Located deep within the 2018 U.S. Farm Bill is a provision that could have a profound impact in the future. Section 7120 establishes a new USDA program entitled “New Beginning for Tribal Students.”
The new program authorizes the Secretary to make competitive grants, on a matching basis, to land-grant colleges and universities that provide targeted support for tribal students. The land grants can use the funds under this program for recruiting, tuition, tutoring, counseling, or other student services that would increase enrollment and retention at the university.
The new national program started as the idea of Barry H. Dunn, president of South Dakota State University. The premise of the program is that the challenges faced by American Indian people and students, in particular, on Indian Reservations are beyond reconciliation. There must be a new start. Unemployment on the nine Reservations in South Dakota averages 80% with all of the concomitant social problems that come from unemployment that high. Other Reservations, particularly in the rural Midwest, face the same challenge.
President Dunn hopes that an educated workforce will attract businesses and a private sector economy to the Reservations. Companies can then move call centers from India to American Indian Reservations. When President Dunn first proposed the program on January 2, 2017, with the full support of the Board of Regents, he said:
“In Lakota, the word “Wokini” means “new life” or “a new beginning.” With this spirit, and with the utmost respect for the Lakota and Dakota people, the administration, faculty, staff and students of SDSU propose the creation of the “Wokini Initiative.”
“The new initiative will offer programming and support to those citizens of the nine tribal nations in South Dakota interested in gaining access to educational and advancement opportunities at South Dakota State University and enhanced research and outreach collaborations and programs with tribes, tribal colleges and other tribal organizations.”
At that time, a new national program was not anticipated. But Federal policy has changed many times over the years and American Indian unemployment is still sky high. The American dream does not exist on the Reservations. Then came “Wokini” and a New Beginning for Tribal Students.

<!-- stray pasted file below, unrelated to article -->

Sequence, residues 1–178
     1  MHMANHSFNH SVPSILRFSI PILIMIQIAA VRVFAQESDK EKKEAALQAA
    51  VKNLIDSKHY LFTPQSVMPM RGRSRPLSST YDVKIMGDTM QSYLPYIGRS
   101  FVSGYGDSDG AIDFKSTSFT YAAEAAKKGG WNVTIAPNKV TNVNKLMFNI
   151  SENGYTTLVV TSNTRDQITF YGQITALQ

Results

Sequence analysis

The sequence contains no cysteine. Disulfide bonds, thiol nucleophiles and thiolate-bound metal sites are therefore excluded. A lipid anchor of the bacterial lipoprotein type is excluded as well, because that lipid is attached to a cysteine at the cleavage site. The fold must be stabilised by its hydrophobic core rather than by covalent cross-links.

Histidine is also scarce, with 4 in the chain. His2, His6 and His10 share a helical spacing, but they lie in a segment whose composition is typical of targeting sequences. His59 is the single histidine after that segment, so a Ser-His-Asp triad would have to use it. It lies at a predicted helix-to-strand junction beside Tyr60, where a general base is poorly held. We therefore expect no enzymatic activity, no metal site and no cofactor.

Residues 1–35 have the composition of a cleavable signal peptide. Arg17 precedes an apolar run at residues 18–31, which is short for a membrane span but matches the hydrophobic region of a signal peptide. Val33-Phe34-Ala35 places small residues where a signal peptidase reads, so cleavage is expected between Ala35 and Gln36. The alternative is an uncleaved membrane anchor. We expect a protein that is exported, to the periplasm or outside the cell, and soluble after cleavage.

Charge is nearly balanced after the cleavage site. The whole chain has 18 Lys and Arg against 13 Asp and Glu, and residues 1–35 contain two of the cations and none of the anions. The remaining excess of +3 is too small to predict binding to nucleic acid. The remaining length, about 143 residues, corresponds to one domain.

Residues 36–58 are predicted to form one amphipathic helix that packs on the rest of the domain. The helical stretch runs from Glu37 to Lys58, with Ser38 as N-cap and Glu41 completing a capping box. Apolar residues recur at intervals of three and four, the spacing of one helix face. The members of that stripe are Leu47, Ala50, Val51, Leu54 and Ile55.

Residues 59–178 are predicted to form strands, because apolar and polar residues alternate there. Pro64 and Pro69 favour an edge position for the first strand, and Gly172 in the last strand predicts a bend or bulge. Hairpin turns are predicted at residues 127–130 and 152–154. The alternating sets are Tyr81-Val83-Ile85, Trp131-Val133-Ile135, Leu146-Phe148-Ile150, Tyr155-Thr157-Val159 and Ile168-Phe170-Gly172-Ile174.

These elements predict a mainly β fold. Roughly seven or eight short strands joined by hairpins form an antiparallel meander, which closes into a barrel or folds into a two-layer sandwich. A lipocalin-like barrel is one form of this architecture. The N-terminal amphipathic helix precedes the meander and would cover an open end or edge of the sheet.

The farm bill provision and new program has not received much attention because there was no partisan disagreement on the provision or on funding, which is now in the House Agriculture Appropriations Bill. The farm bill provision was agreed to without objection when offered on the House floor by Rep. Kristi Noem (R-S.D.; now Governor) and agreed to by Rep. Colin Peterson (D-Minn.; now Chairman Peterson.) In the Senate, the provision was inserted into the Chairman’s draft at the request of Senator Thune (R-S.D.) with the support of Senator Debbie Stabenow (D-Mich.).
The appropriation process has also been very bipartisan. Rep. Dusty Johnson (R-S.D.) has led the way in the House but the effort has been embraced by both Rep. Rosa DeLauro (D-Conn.) and Rep. Lynn Cheney (R-Wyo.).
Universities across the country have supported the provision as has the Association of Public Land-Grant Universities. A wide range of universities from Wyoming and North Dakota State to Maine, Michigan State and Arkansas have all embraced the idea.
The high unemployment rates on these Reservations impacts more than the Reservations, it impacts the economy of the entire state. It is lost revenue for the state and greater expenses for the state. It means spending more on social services, jails and treatment programs. The Bureau of Indian Affairs is responsible for federal Treaty obligations but the Treaties, while still critical, are not a business plan. A New Beginning for Tribal Students may be just the thing to start a new federal approach to Indian policy. The Tribes are ready and are focusing more and more on creating a private sector economy.
Marshall Matz specializes in agriculture at OFW Law in Washington, D.C. His first legal position was with South Dakota Legal Services.